seaborn.barplot(data=None, *, x=None, y=None, hue=None, order=None, hue_order=None, estimator='mean', errorbar=('ci', 95), n_boot=1000, units=None, seed=None, orient=None, color=None, palette=None, saturation=0.75, width=0.8, errcolor='.26', errwidth=None, capsize=None, dodge=True, ci='deprecated', ax=None, **kwargs)#

Show point estimates and errors as rectangular bars.

A bar plot represents an estimate of central tendency for a numeric variable with the height of each rectangle and provides some indication of the uncertainty around that estimate using error bars. Bar plots include 0 in the quantitative axis range, and they are a good choice when 0 is a meaningful value for the quantitative variable, and you want to make comparisons against it.

For datasets where 0 is not a meaningful value, a point plot will allow you to focus on differences between levels of one or more categorical variables.

It is also important to keep in mind that a bar plot shows only the mean (or other estimator) value, but in many cases it may be more informative to show the distribution of values at each level of the categorical variables. In that case, other approaches such as a box or violin plot may be more appropriate.


This function always treats one of the variables as categorical and draws data at ordinal positions (0, 1, … n) on the relevant axis, even when the data has a numeric or date type.

See the tutorial for more information.

dataDataFrame, array, or list of arrays, optional

Dataset for plotting. If x and y are absent, this is interpreted as wide-form. Otherwise it is expected to be long-form.

x, y, huenames of variables in data or vector data, optional

Inputs for plotting long-form data. See examples for interpretation.

order, hue_orderlists of strings, optional

Order to plot the categorical levels in; otherwise the levels are inferred from the data objects.

estimatorstring or callable that maps vector -> scalar, optional

Statistical function to estimate within each categorical bin.

errorbarstring, (string, number) tuple, callable or None

Name of errorbar method (either “ci”, “pi”, “se”, or “sd”), or a tuple with a method name and a level parameter, or a function that maps from a vector to a (min, max) interval, or None to hide errorbar.

n_bootint, optional

Number of bootstrap samples used to compute confidence intervals.

unitsname of variable in data or vector data, optional

Identifier of sampling units, which will be used to perform a multilevel bootstrap and account for repeated measures design.

seedint, numpy.random.Generator, or numpy.random.RandomState, optional

Seed or random number generator for reproducible bootstrapping.

orient“v” | “h”, optional

Orientation of the plot (vertical or horizontal). This is usually inferred based on the type of the input variables, but it can be used to resolve ambiguity when both x and y are numeric or when plotting wide-form data.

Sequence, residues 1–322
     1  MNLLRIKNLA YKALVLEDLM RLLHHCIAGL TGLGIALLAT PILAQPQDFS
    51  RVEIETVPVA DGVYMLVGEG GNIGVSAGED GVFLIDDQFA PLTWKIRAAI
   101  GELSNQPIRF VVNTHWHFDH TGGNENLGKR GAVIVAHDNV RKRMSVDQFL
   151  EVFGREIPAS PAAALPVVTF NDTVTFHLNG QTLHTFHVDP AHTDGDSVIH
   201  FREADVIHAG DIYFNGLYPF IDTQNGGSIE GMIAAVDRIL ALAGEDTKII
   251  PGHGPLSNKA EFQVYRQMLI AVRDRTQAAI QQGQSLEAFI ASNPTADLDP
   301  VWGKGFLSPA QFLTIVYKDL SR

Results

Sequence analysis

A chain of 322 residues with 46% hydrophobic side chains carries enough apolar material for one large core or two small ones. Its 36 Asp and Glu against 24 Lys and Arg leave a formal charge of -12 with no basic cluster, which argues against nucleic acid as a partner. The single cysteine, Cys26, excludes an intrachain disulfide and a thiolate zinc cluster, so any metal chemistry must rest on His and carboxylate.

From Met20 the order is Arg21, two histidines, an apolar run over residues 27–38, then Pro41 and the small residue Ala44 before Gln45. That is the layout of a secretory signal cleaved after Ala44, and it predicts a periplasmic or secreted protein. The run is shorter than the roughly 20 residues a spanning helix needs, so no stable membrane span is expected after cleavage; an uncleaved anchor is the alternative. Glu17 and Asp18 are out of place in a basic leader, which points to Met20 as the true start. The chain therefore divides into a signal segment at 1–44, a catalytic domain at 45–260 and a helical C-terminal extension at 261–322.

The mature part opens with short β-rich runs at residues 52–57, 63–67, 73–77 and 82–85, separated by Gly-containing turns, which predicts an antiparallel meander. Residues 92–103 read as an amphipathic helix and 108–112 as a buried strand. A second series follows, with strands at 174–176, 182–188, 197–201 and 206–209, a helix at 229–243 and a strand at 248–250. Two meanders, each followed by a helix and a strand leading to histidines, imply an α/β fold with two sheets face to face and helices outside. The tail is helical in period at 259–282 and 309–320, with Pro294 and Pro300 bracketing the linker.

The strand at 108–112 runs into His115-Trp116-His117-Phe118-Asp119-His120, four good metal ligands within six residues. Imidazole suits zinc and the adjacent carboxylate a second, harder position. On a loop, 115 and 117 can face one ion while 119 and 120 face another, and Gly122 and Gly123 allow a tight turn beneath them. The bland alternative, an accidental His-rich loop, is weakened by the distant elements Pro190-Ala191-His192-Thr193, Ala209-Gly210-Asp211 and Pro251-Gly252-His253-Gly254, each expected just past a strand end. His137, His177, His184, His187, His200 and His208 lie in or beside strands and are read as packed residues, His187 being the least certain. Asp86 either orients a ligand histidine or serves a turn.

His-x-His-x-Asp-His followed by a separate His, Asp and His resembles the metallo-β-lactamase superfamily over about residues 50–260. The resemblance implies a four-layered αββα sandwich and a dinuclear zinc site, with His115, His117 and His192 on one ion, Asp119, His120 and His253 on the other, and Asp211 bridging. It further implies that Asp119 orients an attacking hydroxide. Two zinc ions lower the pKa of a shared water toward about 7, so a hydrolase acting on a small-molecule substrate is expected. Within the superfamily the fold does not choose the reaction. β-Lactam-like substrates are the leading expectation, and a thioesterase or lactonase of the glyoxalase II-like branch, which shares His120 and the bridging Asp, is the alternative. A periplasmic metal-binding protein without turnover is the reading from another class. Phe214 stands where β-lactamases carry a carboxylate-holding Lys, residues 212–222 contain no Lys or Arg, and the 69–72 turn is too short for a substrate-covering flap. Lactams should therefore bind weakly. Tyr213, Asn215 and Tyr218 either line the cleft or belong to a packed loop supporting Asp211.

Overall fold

colormatplotlib color, optional

Single color for the elements in the plot.

palettepalette name, list, or dict

Colors to use for the different levels of the hue variable. Should be something that can be interpreted by color_palette(), or a dictionary mapping hue levels to matplotlib colors.

saturationfloat, optional

Proportion of the original saturation to draw colors at. Large patches often look better with slightly desaturated colors, but set this to 1 if you want the plot colors to perfectly match the input color.

widthfloat, optional

Width of a full element when not using hue nesting, or width of all the elements for one level of the major grouping variable.

errcolormatplotlib color

Color used for the error bar lines.

errwidthfloat, optional

Thickness of error bar lines (and caps).

capsizefloat, optional

Width of the “caps” on error bars.

dodgebool, optional

When hue nesting is used, whether elements should be shifted along the categorical axis.

axmatplotlib Axes, optional

Axes object to draw the plot onto, otherwise uses the current Axes.

kwargskey, value mappings

Other keyword arguments are passed through to

axmatplotlib Axes

Returns the Axes object with the plot drawn onto it.

See also


Show the counts of observations in each categorical bin.


Show point estimates and confidence intervals using scatterplot glyphs.


Combine a categorical plot with a FacetGrid.


Group by a categorical varaible and plot aggregated values, with confidence intervals:

df = sns.load_dataset("penguins")
sns.barplot(data=df, x="island", y="body_mass_g")

Add a second layer of grouping:

sns.barplot(data=df, x="island", y="body_mass_g", hue="sex")

Use the error bars to show the standard deviation rather than a confidence interval:

sns.barplot(data=df, x="island", y="body_mass_g", errorbar="sd")

Customize the appearance of the plot:

    data=df, x="body_mass_g", y="island",
    errorbar=("pi", 50), capsize=.4, errcolor=".5",
    linewidth=3, edgecolor=".5", facecolor=(0, 0, 0, 0),